The only things that Metro doesn’t do well is the level of how it tries to fit videogame conventions into this world. Shooting is traditional, recoil makes guns fly, it takes ten homemade bullets to kill anyone compared to just 3 with the pre-war blast ammo. It ends up becoming annoying because headshots seem to function randomly. There’s a choice to go in stealthily, but it always ended in a bloodbath for me. No matter how well hidden I was, when I killed one guy, everyone just seemed to know where I was. One intense shootout in a guardpost led to me running around sucking up all the ammo and dodging the five shots that my character can absorb before dying. It’s not all candies and lollipops too with the aesthetics; facial animation and animation in general looks like plasticine, it is a new studio after all, some of the textures are very basic and sometimes it just has that ‘cheapness’ factor to it. Your viewpoint is Artyom, who speaks no words except in the interludes and to other people (where the whole conversation is blocked). I can see they wanted so much immersion they basically wanted to put the player in Metro, but it seems like a cop-out. It’s like playing Half-Life 2 and having Gordon speak, but only outside of what the player experiences.

Metro 2033 is one of the most visceral and surreal experiences, only let down by the near-ending level. I can’t beat Metro. The section near the end has respawning enemies, which hurt you when you kill them, and can hurt you if you don’t kill them. It’s a stupidly designed area that spoiled the game for me, and I had to watch the ending on Youtube.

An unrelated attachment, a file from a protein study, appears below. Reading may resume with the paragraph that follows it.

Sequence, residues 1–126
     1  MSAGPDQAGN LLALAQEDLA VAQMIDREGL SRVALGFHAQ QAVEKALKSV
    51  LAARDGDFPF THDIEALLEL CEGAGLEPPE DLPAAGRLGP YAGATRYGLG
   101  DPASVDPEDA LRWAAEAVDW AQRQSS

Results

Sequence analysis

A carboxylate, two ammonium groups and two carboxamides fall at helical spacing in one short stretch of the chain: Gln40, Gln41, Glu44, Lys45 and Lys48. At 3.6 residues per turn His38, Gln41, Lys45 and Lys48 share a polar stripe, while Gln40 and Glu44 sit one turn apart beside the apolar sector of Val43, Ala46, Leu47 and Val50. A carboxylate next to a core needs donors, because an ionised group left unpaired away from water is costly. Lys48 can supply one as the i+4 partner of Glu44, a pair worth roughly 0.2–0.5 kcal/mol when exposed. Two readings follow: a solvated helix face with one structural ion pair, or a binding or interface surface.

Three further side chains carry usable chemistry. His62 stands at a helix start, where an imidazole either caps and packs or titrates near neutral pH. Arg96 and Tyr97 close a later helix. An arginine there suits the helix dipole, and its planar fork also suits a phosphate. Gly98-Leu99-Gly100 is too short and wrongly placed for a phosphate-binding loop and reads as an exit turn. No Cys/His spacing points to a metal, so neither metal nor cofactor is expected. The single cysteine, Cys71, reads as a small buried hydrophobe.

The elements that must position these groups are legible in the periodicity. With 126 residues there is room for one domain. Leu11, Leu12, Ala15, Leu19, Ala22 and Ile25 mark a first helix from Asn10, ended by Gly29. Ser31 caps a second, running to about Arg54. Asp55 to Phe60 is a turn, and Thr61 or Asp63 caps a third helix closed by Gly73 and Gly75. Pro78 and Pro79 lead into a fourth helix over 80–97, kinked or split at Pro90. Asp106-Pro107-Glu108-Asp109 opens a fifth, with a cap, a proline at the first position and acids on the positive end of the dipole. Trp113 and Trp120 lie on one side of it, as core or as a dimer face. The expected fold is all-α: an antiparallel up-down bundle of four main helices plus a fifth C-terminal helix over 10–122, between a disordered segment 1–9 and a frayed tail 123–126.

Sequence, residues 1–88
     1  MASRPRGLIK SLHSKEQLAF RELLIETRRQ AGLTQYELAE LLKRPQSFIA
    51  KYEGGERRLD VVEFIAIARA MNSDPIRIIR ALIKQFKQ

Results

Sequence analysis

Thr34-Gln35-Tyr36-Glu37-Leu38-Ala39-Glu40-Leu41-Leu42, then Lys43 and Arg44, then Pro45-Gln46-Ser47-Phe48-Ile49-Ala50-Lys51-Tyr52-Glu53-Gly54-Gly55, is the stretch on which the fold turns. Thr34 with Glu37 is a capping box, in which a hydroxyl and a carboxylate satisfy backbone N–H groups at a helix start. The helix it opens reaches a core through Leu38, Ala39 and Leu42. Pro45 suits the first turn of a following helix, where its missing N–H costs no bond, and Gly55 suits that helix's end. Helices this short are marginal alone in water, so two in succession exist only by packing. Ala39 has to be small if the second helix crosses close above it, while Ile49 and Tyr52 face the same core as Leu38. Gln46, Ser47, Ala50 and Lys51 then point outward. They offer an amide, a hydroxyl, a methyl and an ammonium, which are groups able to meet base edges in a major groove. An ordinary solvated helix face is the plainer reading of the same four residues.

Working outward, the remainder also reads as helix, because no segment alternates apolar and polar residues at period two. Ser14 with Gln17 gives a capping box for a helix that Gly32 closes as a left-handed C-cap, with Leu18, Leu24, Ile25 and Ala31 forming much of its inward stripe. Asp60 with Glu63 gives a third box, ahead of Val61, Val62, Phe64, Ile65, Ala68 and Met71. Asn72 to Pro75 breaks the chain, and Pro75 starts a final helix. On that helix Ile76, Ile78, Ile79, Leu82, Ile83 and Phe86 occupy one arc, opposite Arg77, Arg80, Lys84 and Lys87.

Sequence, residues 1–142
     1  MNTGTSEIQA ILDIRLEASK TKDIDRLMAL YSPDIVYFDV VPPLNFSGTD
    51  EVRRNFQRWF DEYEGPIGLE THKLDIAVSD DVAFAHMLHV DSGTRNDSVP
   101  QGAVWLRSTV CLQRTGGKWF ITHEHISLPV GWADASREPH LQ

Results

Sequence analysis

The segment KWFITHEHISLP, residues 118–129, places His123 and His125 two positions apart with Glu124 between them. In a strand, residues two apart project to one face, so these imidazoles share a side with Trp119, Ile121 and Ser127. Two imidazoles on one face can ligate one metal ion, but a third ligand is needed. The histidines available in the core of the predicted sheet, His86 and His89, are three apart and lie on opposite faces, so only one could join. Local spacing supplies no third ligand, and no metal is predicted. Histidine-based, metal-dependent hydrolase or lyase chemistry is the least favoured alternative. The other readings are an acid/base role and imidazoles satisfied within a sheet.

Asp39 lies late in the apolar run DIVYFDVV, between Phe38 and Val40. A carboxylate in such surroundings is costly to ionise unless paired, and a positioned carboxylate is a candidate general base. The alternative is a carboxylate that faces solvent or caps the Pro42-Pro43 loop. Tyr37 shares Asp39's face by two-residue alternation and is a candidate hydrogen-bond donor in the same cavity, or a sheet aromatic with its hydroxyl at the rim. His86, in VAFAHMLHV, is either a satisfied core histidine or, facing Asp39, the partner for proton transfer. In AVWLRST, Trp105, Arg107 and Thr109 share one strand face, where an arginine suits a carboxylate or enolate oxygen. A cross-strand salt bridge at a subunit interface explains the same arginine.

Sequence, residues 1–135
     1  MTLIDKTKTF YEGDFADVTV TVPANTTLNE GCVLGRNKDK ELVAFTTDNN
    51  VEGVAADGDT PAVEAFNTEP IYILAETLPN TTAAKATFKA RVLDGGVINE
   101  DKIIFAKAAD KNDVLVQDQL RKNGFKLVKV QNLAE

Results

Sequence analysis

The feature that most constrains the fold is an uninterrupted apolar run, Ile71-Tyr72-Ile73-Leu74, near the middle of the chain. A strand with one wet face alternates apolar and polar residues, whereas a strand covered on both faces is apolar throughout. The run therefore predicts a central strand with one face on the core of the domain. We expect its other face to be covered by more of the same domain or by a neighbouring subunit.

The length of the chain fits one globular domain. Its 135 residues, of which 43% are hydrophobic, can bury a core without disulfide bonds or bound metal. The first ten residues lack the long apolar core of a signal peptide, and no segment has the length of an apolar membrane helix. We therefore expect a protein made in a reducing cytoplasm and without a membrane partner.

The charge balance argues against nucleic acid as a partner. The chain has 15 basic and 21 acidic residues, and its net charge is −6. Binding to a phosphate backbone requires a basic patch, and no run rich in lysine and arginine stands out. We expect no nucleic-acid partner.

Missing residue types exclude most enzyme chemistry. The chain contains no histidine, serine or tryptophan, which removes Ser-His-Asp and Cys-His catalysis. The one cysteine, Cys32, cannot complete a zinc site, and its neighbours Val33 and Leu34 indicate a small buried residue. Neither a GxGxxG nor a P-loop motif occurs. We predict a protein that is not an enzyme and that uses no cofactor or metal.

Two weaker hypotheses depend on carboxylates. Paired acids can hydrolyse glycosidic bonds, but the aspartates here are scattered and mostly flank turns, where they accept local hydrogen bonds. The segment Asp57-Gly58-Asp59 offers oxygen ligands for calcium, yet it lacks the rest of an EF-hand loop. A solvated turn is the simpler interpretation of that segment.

Nevertheless, for every dark moment in the game there is a masterpiece of first-person gold. The hallucination sequences are very well done, on the level of Batman Arkham Asylum’s ‘Scarecrow’ levels, the destroyed vistas seen through cracks of your gas mask, as condensation creeps in just paints the palette of the world around you. For every bad voice actor, or early issues with dialogue, there’s a shining line or character which just makes it all the more better. This videogame isn’t meant to be played as a shooter, it’s just meant to be observed and experienced.

Nath’s final say: Metro 2033 stands on foreign soil, 4A games themselves are Ukrainian based, and it seems that the escapism is tuned to the max. The shooting doesn’t hold up that well, there’s some slight AI issues and some of the early plot expression comes across quite cheaply. In the end, I had fantastic fun with Metro 2033, I came out a whole lot better. This was a great, strong impression of what we can expect of such a small developer, and I can’t wait to see what they come up with next.